Climate crises disproportionately affect women and girls across all demographics, but especially in developing economies. Subject to persistently higher poverty (and extreme poverty) than men, women and girls are also more likely to be impacted by climate disasters. In fact, 80% of those displaced by climate change are women, according to UN statistics.
Due to ongoing worldwide gender gaps, climate events exact a toll on women’s job security and education as well as their access to health care, potable water, and food resources, among other necessities. Yet, research shows that with their local knowledge, women have much to contribute to climate change adaptation even if gender gaps in legal resources and economic participation hamper their involvement.
As environmental, social, and governance (ESG) investing continues its rapid growth, applying a gender lens to public funds focused on climate solutions is critical. Why? Because higher levels of women in leadership (WIL) benefit corporate performance, operations, and risk management. Indeed, gender diverse ACWI Index companies are better at reducing carbon emissions, according to a 2021 MSCI report, while 2020 research found that gender diversity on the boards of US companies correlated with higher renewable energy consumption, which in turn, boosted financial performance.
Gender lens investing directs resources to women-focused initiatives, women-owned businesses, and firms that demonstrate a commitment to gender and broad-based equality internally and through their external relationships, products, and services.
Thirty-two gender lens equity funds are available to individual investors. There are 14 global and 18 regional funds in the Parallelle Finance coverage universe with mandates to invest in higher WIL and related gender metrics. These funds hold anywhere from 30 to more than 400 stocks. As of 31 March 2022, their assets under management (AUM) totaled $4.1 billion, having grown by 51% in 2021.
The 12 Largest Gender Lens Equity Funds, in US Millions, as of 31 March 2022
Renewable energy is a cornerstone of global efforts to address climate change. Renewable energy funds invest in solar, wind, and other clean energy producers as well as related technology and services providers. The 17 US-listed and three European- or UK-listed funds in our dataset have AUMs ranging from $5.6 billion, for the iShares Global Clean Energy exchange-traded fund (ETF) (ICLN), to less than $5 million, as of 31 March 2022. The average track record for the funds is six years.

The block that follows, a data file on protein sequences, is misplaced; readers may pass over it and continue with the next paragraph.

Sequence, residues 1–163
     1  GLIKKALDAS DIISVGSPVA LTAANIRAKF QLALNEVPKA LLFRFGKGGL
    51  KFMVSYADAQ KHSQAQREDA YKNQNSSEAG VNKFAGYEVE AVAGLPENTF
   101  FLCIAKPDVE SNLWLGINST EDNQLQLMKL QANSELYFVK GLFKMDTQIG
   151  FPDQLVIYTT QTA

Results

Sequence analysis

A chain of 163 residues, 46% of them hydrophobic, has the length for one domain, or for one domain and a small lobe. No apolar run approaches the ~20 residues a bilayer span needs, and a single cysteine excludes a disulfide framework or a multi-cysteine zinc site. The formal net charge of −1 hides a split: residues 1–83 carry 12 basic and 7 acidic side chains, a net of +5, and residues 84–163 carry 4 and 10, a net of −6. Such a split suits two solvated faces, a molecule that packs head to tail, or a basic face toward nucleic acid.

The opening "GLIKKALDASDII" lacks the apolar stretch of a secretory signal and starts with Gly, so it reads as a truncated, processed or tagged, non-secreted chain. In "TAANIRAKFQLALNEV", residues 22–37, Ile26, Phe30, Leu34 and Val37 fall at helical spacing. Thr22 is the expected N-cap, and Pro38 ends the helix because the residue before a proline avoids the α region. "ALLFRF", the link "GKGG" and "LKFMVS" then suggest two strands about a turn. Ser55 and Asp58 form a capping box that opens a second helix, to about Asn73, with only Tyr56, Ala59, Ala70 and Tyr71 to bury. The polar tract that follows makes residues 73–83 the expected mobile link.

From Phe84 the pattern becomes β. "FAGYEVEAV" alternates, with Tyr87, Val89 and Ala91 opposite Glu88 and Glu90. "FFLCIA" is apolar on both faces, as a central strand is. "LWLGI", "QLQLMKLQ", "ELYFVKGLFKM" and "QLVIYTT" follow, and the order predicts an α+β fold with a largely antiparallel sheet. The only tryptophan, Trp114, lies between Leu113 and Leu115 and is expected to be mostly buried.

The 12 Largest Renewable Energy Funds in the Dataset, in US Millions, as of 31 March 2022
These funds are not capturing the benefits of diverse leadership and wider corporate equality.
Only 11% of US portfolio managers are women. That figure hasn’t notably improved in 20 years. According to the available data, only 13% of the portfolio managers at renewable energy funds are women, and 14 of the 20 funds have no women on their portfolio management teams. In contrast, our research found that over 50% of gender lens equity fund portfolio managers are women.
There are 110 unique top 10 holdings among the 20 renewable energy funds. The chart below lists the 21 firms that overlap with the leading gender lens equity indexes and datasets. Only seven appear on any of the Solactive Equileap gender lens equity indexes, which are constructed from Equileap analysis of leadership and workforce equality metrics, pay equity and transparency, and workplace benefits and policies at public companies. Among the top clean energy holdings of the 400 companies on the Bloomberg Gender Equality Index, only 16 appear on both lists and only 5 among the Forbes-Statista list of female-friendly companies.
Top Holdings Overlaps: Renewable Funds and Gender Lens Indexes, Datasets, and Equity Funds
Of the top renewable energy holdings, only three — Enbridge (ENB), Meridian Energy (OTCPK:MDDNF), and Schneider Electric (OTCPK:SBGSF) — appear among the 164 unique top 10 holdings of gender lens equity funds. These three are also on at least one of the index and dataset lists.
The results are clear: Unless renewable energy companies improve their WIL and other equality metrics, the sector will miss out on the related performance and operational benefits.
Climate change will set gender equality back 20 years, according to BCG forecasts. Why? Because climate change disproportionately affects women and because women are underrepresented in the global economy. Indeed, women are being left out of the industries emerging in response to climate change, and with forecasts of global net-zero investments ranging from $100 to $150 trillion by 2050, according to BCG, that is bad news for both women and net zero.
The data doesn’t lie: WIL is material to all sectors and industries. Climate-focused equity and fixed-income funds must apply WIL and broad-based equality criteria. That should include:
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